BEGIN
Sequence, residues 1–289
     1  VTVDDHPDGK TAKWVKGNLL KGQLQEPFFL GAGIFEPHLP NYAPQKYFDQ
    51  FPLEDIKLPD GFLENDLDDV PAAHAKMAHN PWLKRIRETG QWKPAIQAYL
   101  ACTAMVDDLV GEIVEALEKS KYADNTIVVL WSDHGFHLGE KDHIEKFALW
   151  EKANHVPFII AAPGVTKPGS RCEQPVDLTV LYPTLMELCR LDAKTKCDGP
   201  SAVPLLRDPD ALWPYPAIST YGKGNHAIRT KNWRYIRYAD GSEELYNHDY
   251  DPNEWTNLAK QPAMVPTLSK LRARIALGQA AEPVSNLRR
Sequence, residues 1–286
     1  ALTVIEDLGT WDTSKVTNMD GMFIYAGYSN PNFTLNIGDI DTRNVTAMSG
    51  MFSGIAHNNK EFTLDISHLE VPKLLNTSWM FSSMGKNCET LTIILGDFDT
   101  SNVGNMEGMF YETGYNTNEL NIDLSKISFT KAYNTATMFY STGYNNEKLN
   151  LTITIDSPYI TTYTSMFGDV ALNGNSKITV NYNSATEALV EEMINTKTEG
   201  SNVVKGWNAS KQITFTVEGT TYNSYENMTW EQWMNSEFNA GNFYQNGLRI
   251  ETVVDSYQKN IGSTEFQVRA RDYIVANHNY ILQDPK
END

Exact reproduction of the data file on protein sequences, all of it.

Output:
Sequence, residues 1–289
     1  VTVDDHPDGK TAKWVKGNLL KGQLQEPFFL GAGIFEPHLP NYAPQKYFDQ
    51  FPLEDIKLPD GFLENDLDDV PAAHAKMAHN PWLKRIRETG QWKPAIQAYL
   101  ACTAMVDDLV GEIVEALEKS KYADNTIVVL WSDHGFHLGE KDHIEKFALW
   151  EKANHVPFII AAPGVTKPGS RCEQPVDLTV LYPTLMELCR LDAKTKCDGP
   201  SAVPLLRDPD ALWPYPAIST YGKGNHAIRT KNWRYIRYAD GSEELYNHDY
   251  DPNEWTNLAK QPAMVPTLSK LRARIALGQA AEPVSNLRR
Sequence, residues 1–286
     1  ALTVIEDLGT WDTSKVTNMD GMFIYAGYSN PNFTLNIGDI DTRNVTAMSG
    51  MFSGIAHNNK EFTLDISHLE VPKLLNTSWM FSSMGKNCET LTIILGDFDT
   101  SNVGNMEGMF YETGYNTNEL NIDLSKISFT KAYNTATMFY STGYNNEKLN
   151  LTITIDSPYI TTYTSMFGDV ALNGNSKITV NYNSATEALV EEMINTKTEG
   201  SNVVKGWNAS KQITFTVEGT TYNSYENMTW EQWMNSEFNA GNFYQNGLRI
   251  ETVVDSYQKN IGSTEFQVRA RDYIVANHNY ILQDPK